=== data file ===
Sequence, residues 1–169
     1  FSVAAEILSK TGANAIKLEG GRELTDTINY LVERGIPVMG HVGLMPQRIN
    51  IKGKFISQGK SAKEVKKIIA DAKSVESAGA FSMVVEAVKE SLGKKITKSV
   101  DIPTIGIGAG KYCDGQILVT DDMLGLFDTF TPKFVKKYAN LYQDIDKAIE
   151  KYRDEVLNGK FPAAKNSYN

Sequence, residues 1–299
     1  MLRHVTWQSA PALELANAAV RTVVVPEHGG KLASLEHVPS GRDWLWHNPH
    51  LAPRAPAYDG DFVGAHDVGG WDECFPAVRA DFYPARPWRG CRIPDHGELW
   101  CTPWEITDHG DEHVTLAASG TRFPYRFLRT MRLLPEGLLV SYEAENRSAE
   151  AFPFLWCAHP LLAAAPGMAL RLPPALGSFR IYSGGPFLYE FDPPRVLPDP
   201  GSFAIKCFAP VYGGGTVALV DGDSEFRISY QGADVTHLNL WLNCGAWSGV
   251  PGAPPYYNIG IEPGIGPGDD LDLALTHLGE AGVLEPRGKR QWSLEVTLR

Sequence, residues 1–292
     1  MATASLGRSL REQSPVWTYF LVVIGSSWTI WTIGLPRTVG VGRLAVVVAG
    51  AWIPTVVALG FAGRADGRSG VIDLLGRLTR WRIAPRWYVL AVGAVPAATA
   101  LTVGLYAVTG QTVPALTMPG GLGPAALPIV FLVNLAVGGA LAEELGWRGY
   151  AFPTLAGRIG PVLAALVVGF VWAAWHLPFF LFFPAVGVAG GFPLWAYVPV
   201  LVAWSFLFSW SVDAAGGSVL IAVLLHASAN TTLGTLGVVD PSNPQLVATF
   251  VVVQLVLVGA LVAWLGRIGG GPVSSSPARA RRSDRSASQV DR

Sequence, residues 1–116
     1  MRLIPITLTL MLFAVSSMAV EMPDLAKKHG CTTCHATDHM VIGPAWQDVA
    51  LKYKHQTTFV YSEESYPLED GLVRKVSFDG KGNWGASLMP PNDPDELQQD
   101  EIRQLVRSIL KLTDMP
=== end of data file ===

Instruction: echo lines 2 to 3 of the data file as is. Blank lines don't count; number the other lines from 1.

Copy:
     1  FSVAAEILSK TGANAIKLEG GRELTDTINY LVERGIPVMG HVGLMPQRIN
    51  IKGKFISQGK SAKEVKKIIA DAKSVESAGA FSMVVEAVKE SLGKKITKSV